If you find that extended metaphor a little florid, note that Holtby turns neatly to technical specifics: “The method that she has used to re-create this world is not entirely strange to her. Each character speaks in a kind of recitative, recording an individual current of subjective thought . . . . personality, drama and development emerging slowly from the sequence of conscious and unconscious thought and memory.” In The Waves, she concludes, Woolf has achieved “the music and subtlety of poetry.” The Waves, she believes, has not just its own internal unity but “is bound in that strange unity which is the artist’s mind, to Mrs. Woolf’s other novels.” And in it, too, she finds “an affirmation of life”: “Death is the enemy; death, not only of the body, but of the mind, the perceptive spirit, the faculty by which man recognises truth.”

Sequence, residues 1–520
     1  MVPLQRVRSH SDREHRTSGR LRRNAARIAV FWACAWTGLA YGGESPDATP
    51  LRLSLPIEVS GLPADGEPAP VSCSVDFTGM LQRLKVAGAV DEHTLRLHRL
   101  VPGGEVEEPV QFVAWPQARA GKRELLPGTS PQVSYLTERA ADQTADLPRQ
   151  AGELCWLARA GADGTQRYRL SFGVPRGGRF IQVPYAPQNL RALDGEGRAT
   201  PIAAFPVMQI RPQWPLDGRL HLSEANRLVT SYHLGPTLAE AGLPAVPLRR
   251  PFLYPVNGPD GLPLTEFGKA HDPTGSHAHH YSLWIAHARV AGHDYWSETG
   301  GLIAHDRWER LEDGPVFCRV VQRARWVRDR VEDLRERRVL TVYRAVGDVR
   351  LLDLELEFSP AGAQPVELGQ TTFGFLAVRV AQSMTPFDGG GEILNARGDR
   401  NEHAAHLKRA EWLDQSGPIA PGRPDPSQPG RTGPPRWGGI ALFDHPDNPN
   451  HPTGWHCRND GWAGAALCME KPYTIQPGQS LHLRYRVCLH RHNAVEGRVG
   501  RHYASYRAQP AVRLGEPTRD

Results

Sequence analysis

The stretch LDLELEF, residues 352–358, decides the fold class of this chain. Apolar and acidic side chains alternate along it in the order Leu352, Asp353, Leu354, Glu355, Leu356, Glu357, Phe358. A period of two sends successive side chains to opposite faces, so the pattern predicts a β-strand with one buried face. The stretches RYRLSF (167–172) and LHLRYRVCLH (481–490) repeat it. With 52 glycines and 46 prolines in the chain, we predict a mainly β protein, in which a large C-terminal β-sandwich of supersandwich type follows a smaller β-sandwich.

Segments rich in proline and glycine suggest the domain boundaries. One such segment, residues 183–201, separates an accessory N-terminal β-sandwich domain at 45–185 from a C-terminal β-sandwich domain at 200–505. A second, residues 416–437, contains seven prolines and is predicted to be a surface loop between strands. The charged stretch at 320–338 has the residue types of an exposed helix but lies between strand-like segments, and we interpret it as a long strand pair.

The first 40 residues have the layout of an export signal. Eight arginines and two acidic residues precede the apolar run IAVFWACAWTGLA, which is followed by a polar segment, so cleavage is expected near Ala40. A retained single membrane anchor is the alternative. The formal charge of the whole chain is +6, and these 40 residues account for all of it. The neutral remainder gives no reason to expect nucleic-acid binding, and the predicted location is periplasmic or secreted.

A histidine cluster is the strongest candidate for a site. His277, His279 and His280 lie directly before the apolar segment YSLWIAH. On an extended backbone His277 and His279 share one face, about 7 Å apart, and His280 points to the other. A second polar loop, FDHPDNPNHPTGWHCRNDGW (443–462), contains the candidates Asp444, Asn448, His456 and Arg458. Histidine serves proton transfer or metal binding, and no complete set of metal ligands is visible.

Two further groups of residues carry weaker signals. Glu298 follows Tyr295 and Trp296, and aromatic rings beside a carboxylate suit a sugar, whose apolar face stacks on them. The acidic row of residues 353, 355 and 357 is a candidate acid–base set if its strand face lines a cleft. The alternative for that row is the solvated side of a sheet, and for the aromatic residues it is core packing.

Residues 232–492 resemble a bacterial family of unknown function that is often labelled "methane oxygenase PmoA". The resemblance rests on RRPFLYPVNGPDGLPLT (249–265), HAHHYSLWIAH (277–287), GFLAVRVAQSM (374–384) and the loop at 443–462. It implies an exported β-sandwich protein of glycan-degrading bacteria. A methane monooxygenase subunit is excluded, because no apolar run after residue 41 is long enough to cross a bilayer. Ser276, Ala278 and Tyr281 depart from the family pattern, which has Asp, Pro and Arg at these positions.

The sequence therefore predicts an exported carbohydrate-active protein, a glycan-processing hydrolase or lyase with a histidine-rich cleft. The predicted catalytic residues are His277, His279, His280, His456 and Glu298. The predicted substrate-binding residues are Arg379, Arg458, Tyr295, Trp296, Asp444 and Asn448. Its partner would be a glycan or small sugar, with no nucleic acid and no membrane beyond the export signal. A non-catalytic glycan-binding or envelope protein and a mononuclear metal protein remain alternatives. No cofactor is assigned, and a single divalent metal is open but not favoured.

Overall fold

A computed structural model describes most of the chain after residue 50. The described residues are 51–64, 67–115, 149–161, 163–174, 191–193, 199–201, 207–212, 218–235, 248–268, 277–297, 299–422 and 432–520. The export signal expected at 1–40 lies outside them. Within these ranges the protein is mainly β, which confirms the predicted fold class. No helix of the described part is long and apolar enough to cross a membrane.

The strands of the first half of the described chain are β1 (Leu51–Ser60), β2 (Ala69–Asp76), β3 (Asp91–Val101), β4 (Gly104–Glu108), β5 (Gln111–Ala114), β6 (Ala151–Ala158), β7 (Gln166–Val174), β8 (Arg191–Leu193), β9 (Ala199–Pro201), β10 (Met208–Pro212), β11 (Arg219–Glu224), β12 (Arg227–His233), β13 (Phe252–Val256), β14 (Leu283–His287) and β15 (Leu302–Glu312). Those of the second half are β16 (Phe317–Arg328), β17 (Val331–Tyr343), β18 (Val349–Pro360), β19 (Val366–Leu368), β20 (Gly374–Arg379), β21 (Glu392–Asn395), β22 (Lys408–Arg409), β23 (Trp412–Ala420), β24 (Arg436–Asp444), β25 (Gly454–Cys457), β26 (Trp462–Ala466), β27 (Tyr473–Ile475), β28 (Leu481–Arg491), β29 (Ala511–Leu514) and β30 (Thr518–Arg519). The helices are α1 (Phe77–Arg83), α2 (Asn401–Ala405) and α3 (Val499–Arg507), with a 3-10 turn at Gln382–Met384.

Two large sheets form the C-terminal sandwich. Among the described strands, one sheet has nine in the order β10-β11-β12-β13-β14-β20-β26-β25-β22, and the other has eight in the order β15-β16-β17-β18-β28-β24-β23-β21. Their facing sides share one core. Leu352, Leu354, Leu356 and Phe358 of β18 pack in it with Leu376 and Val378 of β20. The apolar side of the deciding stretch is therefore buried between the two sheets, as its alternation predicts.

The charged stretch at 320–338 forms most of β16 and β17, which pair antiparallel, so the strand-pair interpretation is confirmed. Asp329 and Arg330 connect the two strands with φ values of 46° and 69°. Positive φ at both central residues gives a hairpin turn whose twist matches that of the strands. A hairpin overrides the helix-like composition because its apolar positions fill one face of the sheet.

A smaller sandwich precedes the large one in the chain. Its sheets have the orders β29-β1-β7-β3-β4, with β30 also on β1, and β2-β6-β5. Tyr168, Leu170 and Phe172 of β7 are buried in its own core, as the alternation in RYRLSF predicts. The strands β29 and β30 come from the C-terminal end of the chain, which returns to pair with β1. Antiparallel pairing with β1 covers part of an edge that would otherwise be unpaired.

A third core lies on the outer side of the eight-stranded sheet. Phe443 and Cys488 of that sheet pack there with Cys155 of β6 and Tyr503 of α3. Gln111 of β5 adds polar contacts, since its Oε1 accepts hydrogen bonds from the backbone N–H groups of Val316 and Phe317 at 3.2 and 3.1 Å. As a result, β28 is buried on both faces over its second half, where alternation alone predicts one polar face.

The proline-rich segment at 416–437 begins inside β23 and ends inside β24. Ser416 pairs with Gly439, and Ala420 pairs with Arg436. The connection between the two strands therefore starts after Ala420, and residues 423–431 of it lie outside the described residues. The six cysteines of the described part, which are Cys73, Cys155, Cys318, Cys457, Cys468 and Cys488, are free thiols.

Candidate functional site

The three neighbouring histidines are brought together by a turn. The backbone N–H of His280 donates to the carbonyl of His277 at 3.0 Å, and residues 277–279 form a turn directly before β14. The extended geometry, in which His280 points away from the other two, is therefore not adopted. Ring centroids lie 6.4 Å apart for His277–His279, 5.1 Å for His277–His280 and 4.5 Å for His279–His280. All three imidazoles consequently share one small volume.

Virginia Woolf: A Critical Memoir ends by wondering where Woolf will go next: “We cannot predict what problem will attract, what beauty entrance her next”–though Holtby anticipates continued growth “in breadth and power.” But Holtby speculates that Woolf “is unlikely ever to command the allegiance of a wide contemporary public”: “at present there is still only a minority which prefers To the Lighthouse with its demands upon the reader’s intelligence and imagination, to a novel such as [J. B. Priestley’s] The Good Companions, which tells a pleasant, full and easy tale.” That’s ironic in a way, of course, because Woolf’s name is well known to a wide public today, while Holtby’s much more accessible novels are largely unread–though it remains true, surely, that To the Lighthouse is a minority taste. In fact, I have never read it myself, though I have started it several times. I have always found Woolf’s fiction much more elusive than her non-fiction; until a couple of years ago I hadn’t read Mrs. Dalloway either. I felt I didn’t know how to read the novels (and frankly, reading Orlando didn’t help much with that!), and the academic criticism I read about them was typically intimidating rather than encouraging. Holtby’s book, on the other hand, has an infectious enthusiasm along with a lot of smart and useful discussions of what Woolf is doing and why. Now I feel that I too should take my “courage and curiosity in both hands” and “learn and learn with every fibre of such brain as I have.”